Diabetes in the young and old

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I discovered the other day that our retired pastor has diabetes, which he did not have before. But diabetes is no respecter of age. It can happen in the young and old alike.

Childhood diabetes is a growing problem, it seems. I am no expert on the subject, but those that are, indeed, experts, say that either the insulin is not being produced or it is not being absorbed, thereby not allowing essential levels of sugar into the cells.

What Is Type 1 Diabetes?

Type I diabetes usually starts in childhood, but can occur in adults (30 to 40-year-olds). The pancreas cannot make insulin to help body cells convert sugar into energy, which causes the sugar to build up in the blood that can cause life-threatening complications. Individuals with type I diabetes must take some form of insulin for the rest of their lives.

Type 1 vs Type 2 Diabetes

In people with type I diabetes, the body’s immune system attacks and destroys pancreatic cells (Beta cells) that produce insulin. In people with type II diabetes, the pancreas is not attacked and usually produces insulin. However, people with type II diabetes, for numerous reasons, cannot use the available insulin effectively. People with type II diabetes can have the same symptoms as people with type I diabetes, but people with type I diabetes usually have the symptoms occur more rapidly.

Warning Sign: Unusual Thirst

Symptoms of type I diabetes may appear suddenly and can include the following:

  • Frequent urination (polyuria)
  • Drinking more water because of excessive thirst (polydipsia)
  • Feeling excessively hungry (polyphagia)
  • Dry mouth
  • Fruity breath
  • Fatigue
  • Weight loss

Warning Sign: Weight Loss

Because the blood sugar levels remain high and the body then metabolizes fat for energy, people with type I diabetes develop unintentional weight loss, and an increase in appetite. Because glucose metabolism is disrupted, they also feel a lack of energy and may be drowsy for extended periods.

Warning Sign: Skin Problems

The disruption in glucose metabolism in people with type I diabetes causes other problems such as a higher risk for bacterial infections, fungal infections, and skin changes that result in itching and dry skin. Poor blood circulation in the skin also may occur. Girls with type I diabetes are at risk for vaginal yeast infections, while babies who have the disease can develop severe diaper rash due to the yeast Candida albicans. The diaper rash can spread to other areas of the body such as the stomach and legs.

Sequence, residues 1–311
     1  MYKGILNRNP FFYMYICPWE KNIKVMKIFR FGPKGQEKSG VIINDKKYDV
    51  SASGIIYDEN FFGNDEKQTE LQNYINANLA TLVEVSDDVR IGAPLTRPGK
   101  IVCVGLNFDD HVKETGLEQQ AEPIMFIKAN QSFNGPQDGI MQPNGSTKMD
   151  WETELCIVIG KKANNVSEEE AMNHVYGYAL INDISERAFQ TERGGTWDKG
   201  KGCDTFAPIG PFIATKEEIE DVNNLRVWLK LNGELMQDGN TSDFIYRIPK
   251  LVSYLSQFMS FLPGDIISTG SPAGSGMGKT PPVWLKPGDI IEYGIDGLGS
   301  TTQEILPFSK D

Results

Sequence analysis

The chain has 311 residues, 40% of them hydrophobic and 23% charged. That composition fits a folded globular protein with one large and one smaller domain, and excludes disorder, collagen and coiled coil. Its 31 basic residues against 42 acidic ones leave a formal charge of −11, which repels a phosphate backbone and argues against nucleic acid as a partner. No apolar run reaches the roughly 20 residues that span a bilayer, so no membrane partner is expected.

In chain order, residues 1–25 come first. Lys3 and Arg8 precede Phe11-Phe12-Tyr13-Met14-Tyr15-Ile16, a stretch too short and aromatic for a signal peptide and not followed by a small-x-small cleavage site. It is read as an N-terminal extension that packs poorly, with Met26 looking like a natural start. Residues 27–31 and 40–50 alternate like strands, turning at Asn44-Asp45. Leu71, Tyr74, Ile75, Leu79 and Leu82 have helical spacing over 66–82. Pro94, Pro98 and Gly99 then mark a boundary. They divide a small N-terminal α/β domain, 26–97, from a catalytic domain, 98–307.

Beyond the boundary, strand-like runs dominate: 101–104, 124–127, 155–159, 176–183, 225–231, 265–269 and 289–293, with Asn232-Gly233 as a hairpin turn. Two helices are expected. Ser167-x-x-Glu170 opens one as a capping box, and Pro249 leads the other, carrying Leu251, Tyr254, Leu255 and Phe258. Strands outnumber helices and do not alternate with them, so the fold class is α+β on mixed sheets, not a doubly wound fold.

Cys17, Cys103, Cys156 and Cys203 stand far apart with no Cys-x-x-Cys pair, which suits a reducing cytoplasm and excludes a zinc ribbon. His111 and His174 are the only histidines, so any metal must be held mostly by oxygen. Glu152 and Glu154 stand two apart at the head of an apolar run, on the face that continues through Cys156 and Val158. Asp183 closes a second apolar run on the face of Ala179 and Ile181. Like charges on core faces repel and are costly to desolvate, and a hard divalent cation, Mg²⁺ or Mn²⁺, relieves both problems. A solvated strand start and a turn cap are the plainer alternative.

More Dangerous Signs

People with untreated type 1 diabetes can experience serious symptoms such as blurry vision, numbness or tingling in the extremities (especially the feet), loss of consciousness, and diabetic coma. In contrast to high sugars in the blood, occasionally people with type I diabetes can get low blood sugars (hypoglycemia) when their blood glucose level falls suddenly.

In people with type 1 diabetes loss of consciousness, diabetic coma, and in some cases hypoglycemia are medical emergencies. Some people who are undiagnosed may have no warning signs, yet still can develop diabetic coma or hypoglycemia.

Other More Dangerous Signs: Ketoacidosis

The problem with type I diabetes is that the person’s cells are deprived of the sugar they need for energy. Without the insulin produced by the pancreas, sugar has difficulty entering the body’s cells. Consequently, the body cells start burning fat for energy, which causes ketones to build up in the blood. These acids can change the person’s blood pH level and can trigger a life-threatening coma. This is termed diabetic ketoacidosis. Diabetic ketoacidosis is a medical emergency that needs to be treated quickly, usually in a hospital setting.

 Read original article . . .

What is a Pancreatic beta cell

Pancreatic beta cell: A type of cell in the pancreas that makes insulin.

The pancreas is a fish-shaped organ that stretches across the back of the abdomen behind the stomach. Within the pancreas there are areas that are called the islets of Langerhans. The beta cells constitute the predominant type of cell in the islets.

The beta cells are particularly important because they make insulin. Degeneration of the beta cells is the main cause of type I (insulin-dependent) diabetes mellitus.

Pancreas illustration - Pancreatic beta cell

Read original article . . .

Other info regarding diabetes . . .

Kids health- watch for these symptoms

Daily mail- prevent stress of beta cells

Webmd – what is it and can you prevent it

(Not responsible for content of links)

Image courtesy of Jeanne Claire Maarbes at FreeDigitalPhotos.net

 

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